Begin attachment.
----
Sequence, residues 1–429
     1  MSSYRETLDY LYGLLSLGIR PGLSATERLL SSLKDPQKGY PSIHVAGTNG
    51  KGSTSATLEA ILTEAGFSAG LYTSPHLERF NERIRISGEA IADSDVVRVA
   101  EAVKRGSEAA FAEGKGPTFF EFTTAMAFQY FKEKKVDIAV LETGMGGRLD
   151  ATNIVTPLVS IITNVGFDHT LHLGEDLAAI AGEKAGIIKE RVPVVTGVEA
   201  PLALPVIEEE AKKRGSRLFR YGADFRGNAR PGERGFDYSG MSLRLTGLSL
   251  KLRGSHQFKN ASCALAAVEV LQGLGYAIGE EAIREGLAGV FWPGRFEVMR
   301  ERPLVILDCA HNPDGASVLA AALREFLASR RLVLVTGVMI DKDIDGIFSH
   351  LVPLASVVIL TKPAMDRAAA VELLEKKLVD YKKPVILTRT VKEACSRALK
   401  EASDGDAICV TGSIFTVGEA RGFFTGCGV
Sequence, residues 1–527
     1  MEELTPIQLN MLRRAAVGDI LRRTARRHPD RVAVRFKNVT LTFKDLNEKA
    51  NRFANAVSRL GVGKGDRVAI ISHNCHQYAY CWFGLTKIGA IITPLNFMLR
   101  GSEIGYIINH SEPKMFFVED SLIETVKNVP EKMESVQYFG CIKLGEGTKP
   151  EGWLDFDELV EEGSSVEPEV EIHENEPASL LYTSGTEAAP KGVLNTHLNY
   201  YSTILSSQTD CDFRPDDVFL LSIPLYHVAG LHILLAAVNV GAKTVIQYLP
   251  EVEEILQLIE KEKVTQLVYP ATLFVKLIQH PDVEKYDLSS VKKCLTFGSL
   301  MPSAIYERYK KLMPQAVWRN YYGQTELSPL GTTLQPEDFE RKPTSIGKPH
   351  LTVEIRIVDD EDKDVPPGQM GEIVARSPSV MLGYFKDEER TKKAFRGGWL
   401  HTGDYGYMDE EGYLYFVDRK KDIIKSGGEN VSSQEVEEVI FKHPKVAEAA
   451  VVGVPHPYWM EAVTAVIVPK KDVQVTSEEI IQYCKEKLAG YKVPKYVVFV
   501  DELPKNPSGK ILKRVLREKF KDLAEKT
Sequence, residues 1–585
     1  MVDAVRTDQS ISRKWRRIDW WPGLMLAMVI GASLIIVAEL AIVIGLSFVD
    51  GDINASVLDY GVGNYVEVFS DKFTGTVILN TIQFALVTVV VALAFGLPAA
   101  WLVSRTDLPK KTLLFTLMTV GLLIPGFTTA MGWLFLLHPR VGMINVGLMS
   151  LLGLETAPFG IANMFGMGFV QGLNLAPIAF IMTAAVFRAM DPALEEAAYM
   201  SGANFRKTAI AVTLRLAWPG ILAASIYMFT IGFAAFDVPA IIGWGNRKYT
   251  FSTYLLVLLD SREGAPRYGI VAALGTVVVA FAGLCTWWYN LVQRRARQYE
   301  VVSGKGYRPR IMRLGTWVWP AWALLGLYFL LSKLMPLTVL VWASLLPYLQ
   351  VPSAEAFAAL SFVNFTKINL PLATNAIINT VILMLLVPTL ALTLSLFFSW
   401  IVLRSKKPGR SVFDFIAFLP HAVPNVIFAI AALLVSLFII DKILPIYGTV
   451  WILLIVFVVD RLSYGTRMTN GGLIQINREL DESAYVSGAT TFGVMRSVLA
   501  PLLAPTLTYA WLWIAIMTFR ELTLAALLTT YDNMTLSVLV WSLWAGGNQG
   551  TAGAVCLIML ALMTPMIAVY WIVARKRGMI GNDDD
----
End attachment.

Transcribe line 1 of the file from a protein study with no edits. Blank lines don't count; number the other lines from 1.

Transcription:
Sequence, residues 1–429